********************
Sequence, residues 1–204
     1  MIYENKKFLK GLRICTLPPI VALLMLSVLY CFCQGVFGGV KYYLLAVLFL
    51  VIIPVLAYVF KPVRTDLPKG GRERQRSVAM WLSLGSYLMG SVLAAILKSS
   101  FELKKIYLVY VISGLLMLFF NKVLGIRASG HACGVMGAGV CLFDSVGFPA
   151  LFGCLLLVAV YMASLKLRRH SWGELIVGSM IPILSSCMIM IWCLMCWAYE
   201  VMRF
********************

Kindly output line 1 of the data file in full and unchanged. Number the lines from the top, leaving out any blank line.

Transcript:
Sequence, residues 1–204